This subject will be hammered out in the law courts in the coming months and the Government will need to ensure it engages some top-quality lawyers to defeat the challenge from Mishcon de Reya, but on balance, it seems that if it does so, there is no reason for the Brexit process to be derailed in a court of law.

What is a more serious concern is the possibility that if we do end up using Liechtenstein as our model – in other words, re-joining EFTA in order to access the Single Market via the EEA agreement, but availing ourselves of  the restrictions on free movement available under Articles 112 and 113 of the EEA agreement – we could find ourselves sucked back into the EU at a later date through the back door.

Dr Richard North has undertaken a considerable amount of analysis on exactly what freedom of movement restrictions are available to us under the EEA/EFTA scenario and his observations are well worth reading, as he concludes that “there is nothing absolute, in principle, about freedom of movement. Therefore, there is no legal bar to variations being negotiated, given the political will. Furthermore, it is the case that the Union has been prepared both to negotiate and compromise on this issue.”  In other words,  statements by both Donald Tusk and Angela Merkel that access to the single market would require us to accept free movement of people are mere posturing and nothing more.

So the EEA/EFTA option might seem to have a lot more going for it than some people realised and it is the route which the EU itself would be happiest to see us take, but its advocates, including Dr North, have always stated that it must only be an interim solution. The big danger is the plan for a two-tier EU, the so-called “Five Presidents’ Report” which, if adopted, could find us in the EU’s “outer layer” – part of the EU political project but nowhere near the core decision-making body. This would possibly be triggered by the abolition of the EEA,  which is permissble under Article 127of the EEA agreement.

Of course, Iceland, Liechtenstein and Norway will not want to have the rug pulled from under their feet and would be very reluctant to find themselves drawn against their will into a project they have chosen not to join.

It therefore behoves those of us who campaigned for leave in the referendum to remain vigilant and to maintain our links with the “stay out” campaigns in these countries. Theresa May seems to have got off to a better start than some were anticipating, but there is a long way to go before we are finally and securely out of the EU. Groups like CIB are still very much needed to ensure that she and her ministers are held to account and Brexit will indeed mean Brexit.

Chairman’s Statement 11th July 2016

Since the referendum result, we have been holding informal discussions with friends and allies from left to right of the political spectrum about the best way to keep pressure on the government to deliver its BREXIT promise.

In the midst of such discussions on 11th July, we heard that that Mrs Leadsom had withdrawn from the Conservative leadership election and that Mrs. May would therefore be the new Prime Minister – and very much more quickly than expected.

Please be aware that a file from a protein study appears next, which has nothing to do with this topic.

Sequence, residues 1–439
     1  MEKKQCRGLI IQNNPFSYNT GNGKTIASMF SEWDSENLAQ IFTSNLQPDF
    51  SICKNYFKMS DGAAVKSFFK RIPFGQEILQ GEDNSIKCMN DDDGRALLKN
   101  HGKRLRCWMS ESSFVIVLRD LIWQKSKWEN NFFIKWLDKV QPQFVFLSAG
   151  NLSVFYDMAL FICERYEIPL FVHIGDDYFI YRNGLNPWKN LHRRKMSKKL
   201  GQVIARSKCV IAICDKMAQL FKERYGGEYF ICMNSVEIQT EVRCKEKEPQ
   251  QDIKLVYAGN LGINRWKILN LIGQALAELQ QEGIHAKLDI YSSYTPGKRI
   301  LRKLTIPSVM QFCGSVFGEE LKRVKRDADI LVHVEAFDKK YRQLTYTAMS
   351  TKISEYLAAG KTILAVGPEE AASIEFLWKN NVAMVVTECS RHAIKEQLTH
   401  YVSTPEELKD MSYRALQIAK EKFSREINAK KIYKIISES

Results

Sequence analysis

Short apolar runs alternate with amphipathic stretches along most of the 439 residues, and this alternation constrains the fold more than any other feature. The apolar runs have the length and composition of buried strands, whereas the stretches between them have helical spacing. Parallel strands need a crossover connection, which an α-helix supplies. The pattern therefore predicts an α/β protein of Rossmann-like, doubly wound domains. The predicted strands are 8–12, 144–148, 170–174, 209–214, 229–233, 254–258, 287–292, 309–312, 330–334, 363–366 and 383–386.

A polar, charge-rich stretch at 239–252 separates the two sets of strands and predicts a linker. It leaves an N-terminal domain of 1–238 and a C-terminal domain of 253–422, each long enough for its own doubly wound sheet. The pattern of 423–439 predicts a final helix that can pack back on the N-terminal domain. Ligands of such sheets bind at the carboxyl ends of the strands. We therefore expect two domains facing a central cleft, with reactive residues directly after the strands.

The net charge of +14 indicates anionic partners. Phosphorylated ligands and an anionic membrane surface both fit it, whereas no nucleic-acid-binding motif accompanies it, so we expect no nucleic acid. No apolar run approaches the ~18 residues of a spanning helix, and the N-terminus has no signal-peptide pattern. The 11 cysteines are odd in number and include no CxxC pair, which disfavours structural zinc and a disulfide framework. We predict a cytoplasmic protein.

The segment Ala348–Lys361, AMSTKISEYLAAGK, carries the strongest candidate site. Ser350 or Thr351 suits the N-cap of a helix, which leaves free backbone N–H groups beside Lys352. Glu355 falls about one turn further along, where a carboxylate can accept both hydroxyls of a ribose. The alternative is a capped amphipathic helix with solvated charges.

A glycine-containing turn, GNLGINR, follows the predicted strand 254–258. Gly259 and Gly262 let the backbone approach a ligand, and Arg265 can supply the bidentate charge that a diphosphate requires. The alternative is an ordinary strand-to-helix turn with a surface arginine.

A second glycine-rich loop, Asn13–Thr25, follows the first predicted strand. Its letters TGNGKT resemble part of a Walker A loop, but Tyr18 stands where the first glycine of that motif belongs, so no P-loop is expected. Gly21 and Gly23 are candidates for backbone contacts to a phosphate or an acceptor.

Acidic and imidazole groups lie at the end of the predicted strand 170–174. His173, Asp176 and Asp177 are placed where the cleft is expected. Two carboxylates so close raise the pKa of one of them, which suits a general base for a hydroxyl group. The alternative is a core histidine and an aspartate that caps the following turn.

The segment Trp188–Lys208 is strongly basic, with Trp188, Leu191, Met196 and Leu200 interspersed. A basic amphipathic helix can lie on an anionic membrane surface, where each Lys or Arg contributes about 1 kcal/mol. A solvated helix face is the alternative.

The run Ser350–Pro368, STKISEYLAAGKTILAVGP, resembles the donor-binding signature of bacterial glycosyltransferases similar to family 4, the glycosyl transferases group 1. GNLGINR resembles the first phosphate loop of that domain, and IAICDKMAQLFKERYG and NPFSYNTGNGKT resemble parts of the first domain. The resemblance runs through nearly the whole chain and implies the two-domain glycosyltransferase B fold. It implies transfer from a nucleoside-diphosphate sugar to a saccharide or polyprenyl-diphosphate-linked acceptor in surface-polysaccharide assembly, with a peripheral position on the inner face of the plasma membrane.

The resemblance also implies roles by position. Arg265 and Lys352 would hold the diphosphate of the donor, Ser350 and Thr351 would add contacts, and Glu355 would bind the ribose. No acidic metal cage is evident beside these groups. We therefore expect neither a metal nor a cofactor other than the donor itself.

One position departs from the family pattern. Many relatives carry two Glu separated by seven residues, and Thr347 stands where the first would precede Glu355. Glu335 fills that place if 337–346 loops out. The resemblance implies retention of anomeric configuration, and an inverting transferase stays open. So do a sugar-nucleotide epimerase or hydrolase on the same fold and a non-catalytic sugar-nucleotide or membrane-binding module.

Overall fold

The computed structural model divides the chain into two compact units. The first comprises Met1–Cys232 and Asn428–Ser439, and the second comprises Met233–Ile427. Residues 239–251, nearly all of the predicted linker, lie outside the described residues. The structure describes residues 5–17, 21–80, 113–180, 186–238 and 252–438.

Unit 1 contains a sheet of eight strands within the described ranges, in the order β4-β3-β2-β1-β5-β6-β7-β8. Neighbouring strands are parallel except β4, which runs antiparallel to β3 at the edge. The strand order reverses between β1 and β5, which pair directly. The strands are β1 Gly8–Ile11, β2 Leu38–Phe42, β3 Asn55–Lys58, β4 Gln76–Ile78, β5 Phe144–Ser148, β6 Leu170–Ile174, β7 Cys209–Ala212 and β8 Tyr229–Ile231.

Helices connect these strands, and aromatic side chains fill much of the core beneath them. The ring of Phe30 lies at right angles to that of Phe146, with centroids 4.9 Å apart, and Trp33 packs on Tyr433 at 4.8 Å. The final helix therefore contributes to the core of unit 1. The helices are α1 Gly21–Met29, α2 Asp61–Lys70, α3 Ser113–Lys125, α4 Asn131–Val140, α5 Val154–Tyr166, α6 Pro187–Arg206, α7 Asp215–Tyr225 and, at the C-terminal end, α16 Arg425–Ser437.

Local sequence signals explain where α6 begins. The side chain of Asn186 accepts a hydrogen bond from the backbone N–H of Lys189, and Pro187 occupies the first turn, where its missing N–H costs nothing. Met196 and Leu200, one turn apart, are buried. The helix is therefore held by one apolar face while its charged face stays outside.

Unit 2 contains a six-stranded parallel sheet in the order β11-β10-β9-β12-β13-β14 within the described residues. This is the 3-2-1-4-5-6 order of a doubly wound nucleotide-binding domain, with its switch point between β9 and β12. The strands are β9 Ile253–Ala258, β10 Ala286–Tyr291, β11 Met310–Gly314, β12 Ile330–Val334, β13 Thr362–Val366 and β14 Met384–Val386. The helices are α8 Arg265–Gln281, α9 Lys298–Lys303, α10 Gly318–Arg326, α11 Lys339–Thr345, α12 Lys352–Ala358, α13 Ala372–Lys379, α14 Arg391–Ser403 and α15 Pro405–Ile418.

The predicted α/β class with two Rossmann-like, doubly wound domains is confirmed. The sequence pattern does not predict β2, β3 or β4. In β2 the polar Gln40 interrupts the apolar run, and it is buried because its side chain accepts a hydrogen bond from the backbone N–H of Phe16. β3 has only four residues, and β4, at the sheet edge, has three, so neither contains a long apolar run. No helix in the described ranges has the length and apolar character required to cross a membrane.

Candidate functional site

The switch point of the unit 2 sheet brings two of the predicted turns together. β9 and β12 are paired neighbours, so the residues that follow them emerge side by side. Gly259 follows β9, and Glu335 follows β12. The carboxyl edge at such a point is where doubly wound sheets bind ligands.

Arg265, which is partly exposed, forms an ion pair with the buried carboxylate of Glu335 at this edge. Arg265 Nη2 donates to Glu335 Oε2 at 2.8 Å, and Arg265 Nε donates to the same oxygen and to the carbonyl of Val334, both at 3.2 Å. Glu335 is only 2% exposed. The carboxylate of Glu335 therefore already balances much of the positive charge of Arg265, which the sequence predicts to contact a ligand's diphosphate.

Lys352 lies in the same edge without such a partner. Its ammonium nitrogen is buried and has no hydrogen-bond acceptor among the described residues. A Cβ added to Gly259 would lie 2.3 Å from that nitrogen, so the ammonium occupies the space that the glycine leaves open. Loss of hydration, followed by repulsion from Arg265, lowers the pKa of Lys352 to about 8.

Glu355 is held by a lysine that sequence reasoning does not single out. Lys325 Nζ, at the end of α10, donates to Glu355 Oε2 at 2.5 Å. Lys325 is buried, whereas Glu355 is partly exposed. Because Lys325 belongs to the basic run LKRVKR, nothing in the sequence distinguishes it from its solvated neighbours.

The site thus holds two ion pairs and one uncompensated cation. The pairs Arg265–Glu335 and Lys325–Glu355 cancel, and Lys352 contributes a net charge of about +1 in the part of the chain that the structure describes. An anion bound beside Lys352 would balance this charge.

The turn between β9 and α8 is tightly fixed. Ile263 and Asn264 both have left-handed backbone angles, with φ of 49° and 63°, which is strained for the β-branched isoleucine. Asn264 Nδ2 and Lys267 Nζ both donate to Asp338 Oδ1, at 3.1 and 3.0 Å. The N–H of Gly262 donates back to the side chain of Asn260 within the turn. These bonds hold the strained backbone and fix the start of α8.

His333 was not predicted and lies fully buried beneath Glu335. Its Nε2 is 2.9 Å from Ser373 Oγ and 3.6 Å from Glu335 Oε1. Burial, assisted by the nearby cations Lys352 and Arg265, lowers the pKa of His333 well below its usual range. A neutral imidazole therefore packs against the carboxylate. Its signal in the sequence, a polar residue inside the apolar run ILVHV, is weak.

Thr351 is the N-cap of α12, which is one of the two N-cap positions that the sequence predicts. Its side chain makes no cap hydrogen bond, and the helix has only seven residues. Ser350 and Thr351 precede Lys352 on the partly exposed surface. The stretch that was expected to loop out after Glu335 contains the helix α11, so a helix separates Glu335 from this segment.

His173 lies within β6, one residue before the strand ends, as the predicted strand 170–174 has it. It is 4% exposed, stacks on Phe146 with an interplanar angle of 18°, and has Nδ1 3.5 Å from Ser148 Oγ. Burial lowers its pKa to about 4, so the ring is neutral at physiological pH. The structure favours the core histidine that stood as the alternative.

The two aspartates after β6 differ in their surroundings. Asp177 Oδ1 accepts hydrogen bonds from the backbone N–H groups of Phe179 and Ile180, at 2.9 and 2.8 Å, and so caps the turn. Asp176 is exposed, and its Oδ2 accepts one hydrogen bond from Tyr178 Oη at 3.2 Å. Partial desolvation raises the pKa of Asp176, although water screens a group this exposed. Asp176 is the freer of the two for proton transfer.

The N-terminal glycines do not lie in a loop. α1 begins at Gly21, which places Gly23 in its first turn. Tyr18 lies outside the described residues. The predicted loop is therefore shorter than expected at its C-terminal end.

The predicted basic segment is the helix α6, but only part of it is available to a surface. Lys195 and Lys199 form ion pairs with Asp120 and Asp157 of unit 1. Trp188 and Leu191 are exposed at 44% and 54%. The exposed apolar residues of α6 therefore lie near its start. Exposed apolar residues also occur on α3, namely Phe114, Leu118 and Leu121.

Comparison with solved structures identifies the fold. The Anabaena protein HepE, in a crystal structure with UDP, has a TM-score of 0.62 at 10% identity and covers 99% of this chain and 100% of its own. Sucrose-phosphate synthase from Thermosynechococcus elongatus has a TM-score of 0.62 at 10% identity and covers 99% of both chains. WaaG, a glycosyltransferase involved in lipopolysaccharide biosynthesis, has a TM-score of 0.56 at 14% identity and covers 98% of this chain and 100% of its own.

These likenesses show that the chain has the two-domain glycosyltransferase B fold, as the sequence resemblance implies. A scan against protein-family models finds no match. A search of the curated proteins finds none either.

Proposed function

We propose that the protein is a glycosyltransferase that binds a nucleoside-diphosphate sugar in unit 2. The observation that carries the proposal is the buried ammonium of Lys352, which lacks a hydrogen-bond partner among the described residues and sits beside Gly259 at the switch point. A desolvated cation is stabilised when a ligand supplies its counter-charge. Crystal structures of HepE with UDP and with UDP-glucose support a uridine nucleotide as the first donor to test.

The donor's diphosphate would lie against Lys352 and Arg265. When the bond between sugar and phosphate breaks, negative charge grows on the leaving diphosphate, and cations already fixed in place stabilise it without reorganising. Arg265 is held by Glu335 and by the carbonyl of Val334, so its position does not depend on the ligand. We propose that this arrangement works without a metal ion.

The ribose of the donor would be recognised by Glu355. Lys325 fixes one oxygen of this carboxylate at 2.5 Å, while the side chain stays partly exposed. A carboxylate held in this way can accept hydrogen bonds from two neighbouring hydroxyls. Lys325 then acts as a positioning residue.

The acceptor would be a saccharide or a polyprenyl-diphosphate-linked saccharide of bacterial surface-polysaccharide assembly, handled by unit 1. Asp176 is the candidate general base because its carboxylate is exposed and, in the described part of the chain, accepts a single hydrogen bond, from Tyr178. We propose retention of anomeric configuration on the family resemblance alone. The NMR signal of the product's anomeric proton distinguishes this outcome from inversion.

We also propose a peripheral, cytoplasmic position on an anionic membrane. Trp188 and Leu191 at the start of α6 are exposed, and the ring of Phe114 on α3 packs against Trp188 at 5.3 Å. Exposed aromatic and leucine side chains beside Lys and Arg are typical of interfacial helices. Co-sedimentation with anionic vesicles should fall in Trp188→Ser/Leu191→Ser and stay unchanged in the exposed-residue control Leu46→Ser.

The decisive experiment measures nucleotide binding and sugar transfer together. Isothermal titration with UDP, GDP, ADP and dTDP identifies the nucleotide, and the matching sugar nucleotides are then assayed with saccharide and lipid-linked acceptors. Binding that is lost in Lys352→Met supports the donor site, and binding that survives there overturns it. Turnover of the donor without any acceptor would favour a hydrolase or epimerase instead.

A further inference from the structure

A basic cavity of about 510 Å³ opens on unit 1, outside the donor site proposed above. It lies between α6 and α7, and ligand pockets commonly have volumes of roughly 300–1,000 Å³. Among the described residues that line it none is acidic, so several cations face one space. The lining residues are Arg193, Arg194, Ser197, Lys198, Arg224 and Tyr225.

Whilst many campaigners would have preferred a Brexit campaigner, Mrs May has reasserted her determination to deliver BREXIT and she now effectively has another two months to hasten the process. We intend to give her every encouragement in that.

Mr. Cameron was so confident of a “Remain” vote that he had forbidden the civil service to make any “Plan B” for leaving. So it would be ridiculous to urge the government into prematurely starting negotiations  before  it has had time to formulate its policy and negotiating strategy.

There is a period now when the Independence Movement  has an opportunity to make its views known to those in authority before negotiations with the EU start.  This has come rather sooner and more urgently than we expected.

 We have to bear in mind the parameters under which the decisions will be made and to be realistic. In the House of Commons  roughly half the Conservative party, the DUP and the Labour rebels were  for BREXIT. The other half of the Conservative party and everybody else was either pro EU or at least EU-acquiescent – an overwhelmingly Europhile House. The House of Lords is even more solidly  ( and rather defiantly) Europhile.

So the delivery of BREXIT will largely depend on the discipline of the Conservative party in keeping its Europhile MPs to its policy of leaving the EU. Some people have demanded a general election but we now have fixed term parliaments. This one has nearly four years to run – an adequate time for the government to deliver its promise and to have an independence settlement in place, up and running by the time of the next general election in May 2020. We in CIB want to do everything to ensure that this is what happens and that the terms are the most favourable possible from a trade point of view whilst establishing unequivocally that our country is definitively, irrevocably independent from the EU’s political project.

Shouting slogans will not do it. We have to focus our efforts in a disciplined way and apply them to the situation as it exists. This we are trying to do to the best effect but it is going to take some more time to establish a common general approach amongst the diverse Independence Movement.